I have promised myself that I will only get started on The Roman Rout when I finish the book that I am currently writing which brings me to my second milestone, the Augustinian leap . I had spent months dilly-dallying, prevaricating and procrastinating but things came to a head in August when I realised that I had no excuses left for not completing it: time, ideas, a workspace, even the title – these were all mine. Unfortunately I still found it difficult to motivate myself to put pen to paper (actually fingers to laptop but you get my drift). I did lots of other things, some which needed to be done and some of which were nothing more than time-wasting frippery. I even applied for some jobs I didn’t really want and which, if I got one of them, would probably mean the end of writing the book on Creativity and subsequently, The Roman Rout.
I had managed to get myself into a state of mind called being “simultaneously incongruent” – i.e. having two clear and distinct thought processes contradicting each other at the same time. The first was that I wanted to continue researching and writing both books; the second was that most of my researching and writing in the past has been done in response to deadlines from college tutors, magazine editors or publishers. As none of these were in play I couldn’t find a reason to justify committing the time, effort and resources the projects needed. At the least excuse, I had begun putting writing into second place behind whatever distraction presented itself.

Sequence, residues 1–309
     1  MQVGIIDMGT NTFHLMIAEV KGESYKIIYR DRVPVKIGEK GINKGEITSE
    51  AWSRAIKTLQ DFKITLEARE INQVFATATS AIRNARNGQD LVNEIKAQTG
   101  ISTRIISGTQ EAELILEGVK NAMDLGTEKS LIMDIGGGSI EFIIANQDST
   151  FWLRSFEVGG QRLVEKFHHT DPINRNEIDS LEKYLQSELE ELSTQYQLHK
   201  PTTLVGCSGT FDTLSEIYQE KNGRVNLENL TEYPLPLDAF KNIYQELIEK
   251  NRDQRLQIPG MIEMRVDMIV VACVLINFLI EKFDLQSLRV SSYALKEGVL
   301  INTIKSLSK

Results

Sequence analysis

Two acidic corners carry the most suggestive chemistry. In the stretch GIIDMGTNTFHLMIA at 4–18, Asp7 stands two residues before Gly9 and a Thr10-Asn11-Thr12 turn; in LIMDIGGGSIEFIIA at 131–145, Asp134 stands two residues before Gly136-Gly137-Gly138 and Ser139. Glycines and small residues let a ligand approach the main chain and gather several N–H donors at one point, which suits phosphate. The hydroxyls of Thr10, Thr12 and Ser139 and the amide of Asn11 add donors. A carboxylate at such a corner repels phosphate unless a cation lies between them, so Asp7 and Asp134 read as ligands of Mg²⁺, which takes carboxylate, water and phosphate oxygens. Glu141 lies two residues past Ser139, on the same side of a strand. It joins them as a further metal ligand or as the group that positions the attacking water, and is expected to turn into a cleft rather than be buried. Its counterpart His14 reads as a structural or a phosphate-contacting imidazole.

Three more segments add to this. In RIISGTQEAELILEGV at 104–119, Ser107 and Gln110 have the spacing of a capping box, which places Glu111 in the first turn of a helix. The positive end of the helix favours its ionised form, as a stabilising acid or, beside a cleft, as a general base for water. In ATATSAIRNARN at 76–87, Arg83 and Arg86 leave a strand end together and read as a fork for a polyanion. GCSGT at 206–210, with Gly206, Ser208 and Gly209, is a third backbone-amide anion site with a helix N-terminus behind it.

One afternoon I was sitting in my tiny camper, which serves very nicely as a mobile writing room, staring out at the same landscape the Silurians had raced across in their ill-fated attempt to escape the Romans. As so often happens I was struggling with what I was going to write about next. The title of the chapter was Legacy but that was as far as I’d got. I put a new screen up on the laptop, typed “What’s the point of this chapter?” and then started answering the question with sentences starting “I want to…”
With a moment of clarity, I realised that I hadn’t applied the “what’s the point” argument to the underlying concepts of either of the books I intended to write. Looking at Mynydd y Gaer on the Glamorgan uplands I knew what the point of The Roman Rout was and still is: it’s a story which needs to be told and I have a peculiar – as in particular rather than odd – set of skills which will do it (and the Silurians) justice. Deciding the raison d’être of the book about creative practice has taken a bit more time and a lot more soul searching but eventually I think I’ve got the answer. And it’s only partly to do with me waffling on about anything and everything that takes my fancy without having to worry about referencing and intellectual defences.
Fate took a hand when I was offered one of the jobs I had applied for and didn’t actually want. Finally I had run out of wriggle room. After a little bit of self-analysis I concluded that the reason I have been avoiding writing the the manuscript on creativity is because I didn’t want to finish it. I wanted to stay in my comfort zone and not taking the risk of writing a book that no-one will actually want to read. After a little bit more self-analysis, I concluded that probably the most important facet of my personality is my contrariness. This is the point of the book: there is no point. It’s a celebration of taking unknown paths simply because they’re there and I like travelling.
“The world is a book, and those who do not travel read only a page.” St. Augustine